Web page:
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Trayvon Martin case: Proof that the power is in the 'sharing'

March 20, 2012|By Rene Lynch
  • The sun shines light on a memorial in honor of Trayvon Martin, an unarmed teen who was shot last month by a neighborhood watch captain in Sanford, Fla.
The sun shines light on a memorial in honor of Trayvon Martin, an unarmed… (Red Huber / Orlando Sentinel )

Last week, the fatal shooting of a black Florida teenager by a neighborhood watch captain had gained little media attention beyond the state's newspapers, a smattering of mainstream media outlets and several prominent black journalists.

Today, the killing of 17-year-old Trayvon Martin is dominating the news in America, the latest example of how the fury of the social media machine and technology continue to transform the very definition of news, and the way that news is reported, written and delivered in this country and around the world.

"What we've seen in the past four or five days is that we have the power now," said Michael Skolnik, editor in chief of GlobalGrind.com and political director to mogul Russell Simmons. Skolnik has been credited with helping the story gain nationwide attention.

"We don't need a middle man or a middle woman," he told The Times, referring to the mainstream media. "We can get our message out the way we want it. And we can decide what is important and what's not important."

An unusual mix of celebrities -- including actresses Alyssa Milano and Gabrielle Union, plus New Age leader Deepak Chopra -- is continuing to share the story, continuing to whip up national interest, continuing to demand justice. "Shame on Florida: Arrest George Zimmerman" for murder, tweeted Ice Cube.

"There are so many aspects of this story that make this a story that people want to share and want to tell," social media guru Peter Shankman told The Times. "Fifty years ago, you could have shared it, but your reach would have been much smaller. You would have shared it with your friend, or at work, or in a letter to the editor. What's new is everyone having the ability to do that at their fingertips."

Martin was returning from a candy run on Feb. 26 when he was followed and confronted by George Zimmerman, 28. Martin had a cellphone, a bag of Skittles and an iced tea, police said. Zimmerman reportedly had a 9-millimeter.

Zimmerman has said he shot Martin in self-defense. The case has taken on racial overtones: Police have described Zimmerman as white; his family says he is Hispanic and have told the Associated Press that he is wrongly being depicted as a racist.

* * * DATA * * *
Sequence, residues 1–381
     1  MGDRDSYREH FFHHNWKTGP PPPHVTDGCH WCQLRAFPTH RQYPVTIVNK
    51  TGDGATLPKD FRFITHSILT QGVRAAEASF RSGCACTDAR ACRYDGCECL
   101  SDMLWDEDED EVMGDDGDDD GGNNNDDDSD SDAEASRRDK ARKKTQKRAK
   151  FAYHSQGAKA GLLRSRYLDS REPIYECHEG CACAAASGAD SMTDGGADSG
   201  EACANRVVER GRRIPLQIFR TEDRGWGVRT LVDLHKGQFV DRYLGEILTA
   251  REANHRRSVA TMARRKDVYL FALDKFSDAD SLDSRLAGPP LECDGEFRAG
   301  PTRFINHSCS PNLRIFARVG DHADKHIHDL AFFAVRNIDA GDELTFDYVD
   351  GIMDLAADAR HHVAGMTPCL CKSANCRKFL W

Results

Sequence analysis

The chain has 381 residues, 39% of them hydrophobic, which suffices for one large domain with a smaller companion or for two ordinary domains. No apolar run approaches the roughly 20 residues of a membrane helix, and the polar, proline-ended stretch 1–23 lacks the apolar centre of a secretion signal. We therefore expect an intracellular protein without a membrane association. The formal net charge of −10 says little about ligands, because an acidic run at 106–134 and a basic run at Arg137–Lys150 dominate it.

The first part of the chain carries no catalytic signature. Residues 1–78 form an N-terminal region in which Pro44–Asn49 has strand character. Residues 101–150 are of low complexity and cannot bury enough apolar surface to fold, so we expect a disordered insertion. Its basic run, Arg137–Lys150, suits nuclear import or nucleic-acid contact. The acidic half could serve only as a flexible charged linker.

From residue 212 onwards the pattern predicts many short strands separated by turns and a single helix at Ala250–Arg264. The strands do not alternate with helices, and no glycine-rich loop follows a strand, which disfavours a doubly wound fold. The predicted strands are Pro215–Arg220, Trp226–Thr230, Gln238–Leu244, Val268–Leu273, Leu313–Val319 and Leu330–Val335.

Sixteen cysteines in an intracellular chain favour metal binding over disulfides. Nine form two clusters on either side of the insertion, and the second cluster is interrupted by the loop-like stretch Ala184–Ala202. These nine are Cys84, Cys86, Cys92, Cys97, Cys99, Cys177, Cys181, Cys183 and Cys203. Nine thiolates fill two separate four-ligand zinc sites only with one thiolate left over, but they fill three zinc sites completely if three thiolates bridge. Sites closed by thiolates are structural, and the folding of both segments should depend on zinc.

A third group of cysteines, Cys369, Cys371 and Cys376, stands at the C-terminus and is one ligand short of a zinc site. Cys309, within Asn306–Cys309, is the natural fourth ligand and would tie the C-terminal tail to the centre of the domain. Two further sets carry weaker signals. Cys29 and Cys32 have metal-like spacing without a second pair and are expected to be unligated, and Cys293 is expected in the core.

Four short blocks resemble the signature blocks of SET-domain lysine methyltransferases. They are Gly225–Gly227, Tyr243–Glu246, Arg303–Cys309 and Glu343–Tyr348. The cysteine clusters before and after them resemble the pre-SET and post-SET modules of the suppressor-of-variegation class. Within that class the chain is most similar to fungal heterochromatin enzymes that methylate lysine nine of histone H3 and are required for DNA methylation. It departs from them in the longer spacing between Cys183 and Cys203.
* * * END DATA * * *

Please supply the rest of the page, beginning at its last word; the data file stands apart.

A Florida state attorney announced Tuesday that a grand jury will investigate the case. "I share in the desire of the family and the community to accurately collect and evaluate all the facts surrounding the tragic death of Trayvon Martin," Seminole County state attorney Norm Wolfinger said in a news release. "The public is entitled to no less than a thorough, deliberate, and just review of the facts. We intend to honor that commitment."

That development comes on the heels of Monday night's announcement that the U.S. Department of Justice and the FBI would also investigate the shooting. Those decisions followed a day of growing protests and a social media firestorm, fueled by Twitter and Facebook and other social media.

Skolnik is responsible for a large slice of that furor, with a post that asked white America to sit up and take notice of the Martin case. It was headlined "White People, You Will Never Look Suspicious Like Trayvon Martin." The story has more than 58,000 Facebook "likes" so far; it became a media accelerant, being shared again and again over a variety of platforms.

A Change.Org petition demanding Zimmerman's prosecution has more than 576,000 online signatures so far.

Fanning the flames, too, have been phone calls made before and during the shooting.

Martin was chatting on his cellphone with a 16-year-old girl in the moments leading up to the shooting, and had complained to her that a strange man was following him, according to an ABC news report out Tuesday. 

Law enforcement has also made public a phone call Zimmerman made to police identifying Martin as a black male walking with his hands at his waistband, and acting suspiciously. "This guy looks like he is up to no good. He is on drugs or something," Zimmerman told the dispatcher, according to the Associated Press. 

The neighborhood watch captain tells the dispatcher that he is following the youth, and was told: "You don't have to do that." He does so nonetheless.

Shankman said the case of Trayvon Martin shows that social media in many ways is just beginning to gain strength. He pointed to the online outrage that rained down on the Susan G. Komen foundation in the wake of the Planned Parenthood funding controversy, as well as the recent "Kony 2012" phenomenon.

"If we can't share it, it almost didn't happen," he said. "When something like this happens, we want to be able to fight for justice. And the easiest way to fight is to share these stories, so people know what is happening. And we're just getting better at amassing a movement."

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